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Slow burner

Posted: 22nd March 2016

Photo by Oliver King

Theatre review by Henry Ascoli

‘Toast’, at Guildford’s Yvonne Arnaud Theatre

Working through the night, ovens cranked up to full blast, a fleeting fag break the only escape from the monotony.

This intriguing comedy-drama lifts the lid on working class camaraderie, the fierce rebellion of the unions and staff exploitation, set in the depths of a run-down bread factory in Hull.

Yet this is no normal Sunday night shift. When crisis hits the factory, the men have more than their wages to lose. With their livelihoods hanging by a thread, who will step up to the plate and risk it all for the sake of their future…?

Every ritual, every nuance of the workplace is explored in excruciating detail during the early stages, as one by one the world-weary bread making team file through the factory doors.

In one particularly expressive moment, you can hear a pin drop as Nellie – another fine casting for Matthew Kelly, the warn out warhorse of the bakery, stares blankly into the middle distance while chewing on a slice of cheese – a vivid portrait of the tedium of factory life.

We meet Blakey (Steve Nicolson), the short-tempered chargehand who we suspect hides a dark secret from his time behind bars; tinman Cecil (Simon Greenall) who makes up for “not getting any” at home with his cheeky banter and chirpy nature.

In Peter (Matt Sutton) and Colin (Will Barton), we see two very different characters each influenced by their ties to the unions – the former cynical and doubtful of their benefits, the latter compelled to do everything ‘by the book’ in his underhand scheme to climb the company ladder.

Meanwhile, former deckhand Dezzie (Kieran Knowles) fights the clock – and his scooter helmet – while raving about the many benefits of having a house with running hot water!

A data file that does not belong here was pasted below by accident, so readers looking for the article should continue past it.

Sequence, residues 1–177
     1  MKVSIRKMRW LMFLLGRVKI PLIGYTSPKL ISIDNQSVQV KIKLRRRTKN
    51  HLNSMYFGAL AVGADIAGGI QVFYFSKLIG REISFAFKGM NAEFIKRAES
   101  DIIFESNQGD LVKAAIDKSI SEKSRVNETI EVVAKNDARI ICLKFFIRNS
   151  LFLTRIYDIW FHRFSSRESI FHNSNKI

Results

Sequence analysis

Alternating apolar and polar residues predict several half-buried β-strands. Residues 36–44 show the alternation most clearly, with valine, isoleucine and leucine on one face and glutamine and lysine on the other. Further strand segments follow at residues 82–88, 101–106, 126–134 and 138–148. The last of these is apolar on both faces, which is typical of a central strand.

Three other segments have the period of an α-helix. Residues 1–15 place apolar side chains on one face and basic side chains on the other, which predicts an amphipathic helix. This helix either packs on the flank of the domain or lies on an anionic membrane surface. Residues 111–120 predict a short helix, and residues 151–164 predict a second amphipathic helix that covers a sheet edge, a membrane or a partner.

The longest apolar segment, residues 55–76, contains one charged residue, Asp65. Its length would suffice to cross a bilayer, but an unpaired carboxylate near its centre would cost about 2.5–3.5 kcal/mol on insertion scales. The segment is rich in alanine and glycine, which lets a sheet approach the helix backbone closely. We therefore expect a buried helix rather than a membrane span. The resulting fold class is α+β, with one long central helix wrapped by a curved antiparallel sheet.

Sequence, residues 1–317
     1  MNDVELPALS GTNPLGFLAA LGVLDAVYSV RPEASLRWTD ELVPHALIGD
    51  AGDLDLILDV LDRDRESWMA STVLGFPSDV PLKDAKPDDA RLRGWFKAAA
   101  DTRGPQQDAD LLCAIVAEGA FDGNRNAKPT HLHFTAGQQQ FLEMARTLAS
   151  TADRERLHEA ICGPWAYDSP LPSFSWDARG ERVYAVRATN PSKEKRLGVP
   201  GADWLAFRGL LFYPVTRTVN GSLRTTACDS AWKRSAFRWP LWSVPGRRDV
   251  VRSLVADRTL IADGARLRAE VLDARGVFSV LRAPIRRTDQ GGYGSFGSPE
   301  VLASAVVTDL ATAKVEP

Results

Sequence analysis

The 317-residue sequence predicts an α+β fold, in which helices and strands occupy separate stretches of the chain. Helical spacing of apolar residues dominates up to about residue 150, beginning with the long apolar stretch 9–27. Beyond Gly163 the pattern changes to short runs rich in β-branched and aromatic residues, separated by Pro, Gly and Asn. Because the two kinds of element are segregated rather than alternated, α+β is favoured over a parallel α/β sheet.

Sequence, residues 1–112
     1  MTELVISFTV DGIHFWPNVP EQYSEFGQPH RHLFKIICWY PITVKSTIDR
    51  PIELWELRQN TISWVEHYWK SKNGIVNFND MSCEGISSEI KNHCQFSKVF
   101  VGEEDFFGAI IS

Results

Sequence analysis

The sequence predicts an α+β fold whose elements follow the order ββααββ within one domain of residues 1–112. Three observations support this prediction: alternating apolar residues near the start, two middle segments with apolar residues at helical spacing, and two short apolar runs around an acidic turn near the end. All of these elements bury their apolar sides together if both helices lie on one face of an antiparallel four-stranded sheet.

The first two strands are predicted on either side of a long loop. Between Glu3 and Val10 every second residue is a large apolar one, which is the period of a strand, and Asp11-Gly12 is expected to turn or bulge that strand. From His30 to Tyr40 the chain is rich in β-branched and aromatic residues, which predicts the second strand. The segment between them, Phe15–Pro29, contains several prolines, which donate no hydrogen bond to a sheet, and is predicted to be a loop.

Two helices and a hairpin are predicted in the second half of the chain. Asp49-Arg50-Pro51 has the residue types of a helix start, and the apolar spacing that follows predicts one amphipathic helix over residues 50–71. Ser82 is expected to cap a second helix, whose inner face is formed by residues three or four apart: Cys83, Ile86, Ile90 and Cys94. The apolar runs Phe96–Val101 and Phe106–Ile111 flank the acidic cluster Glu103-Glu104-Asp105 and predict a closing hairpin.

Yet when we are introduced to the oddball newcomer Lance (John Wark), a ‘social and economic student’, the atmosphere in the rest room crackles with expectation. We are immediately aware that there is more to this character than meets the eye, and what should be a routine inspection of his hands before his first shift proves a pivotal moment in unearthing the subtext to the story.

Through humorous anecdotes and break time banter, we are offered a fleeting glimpse into the personal lives of each character and brief hints at their ambitions beyond the factory walls. Yet bubbling beneath the surface, we sense deeper struggles, of purpose, identity and belief.

Once again, it is Kelly’s striking stage presence which leads the way, but Greenall’s vibrant performance lends the character of Cecil similar impact. Wark’s vivid portrayal of the troubled Lance explores an altogether different dimension, allowing the play to reach a new level.

The stark set displays the factory in all its finery – the bin overflowing with old tea bags, the old tables covered in flour, stains creeping up the walls. Simple but effective.

And in truth, that is the key to success throughout – out of the drab surroundings of the factory comes a fine piece of theatre from Richard Bean, as his motley crew of workers ultimately set their differences aside and rise to the challenge in a bid to safeguard their future.

Undoubtedly a slow burner, this thought-provoking production offers something different, but ultimately leaves us wanting more.

Toast runs on the main stage at Guildford’s Yvonne Arnaud Theatre until Saturday 26th March. To book tickets and find out more, call 01483 440000 or visit www.yvonne-arnaud.co.uk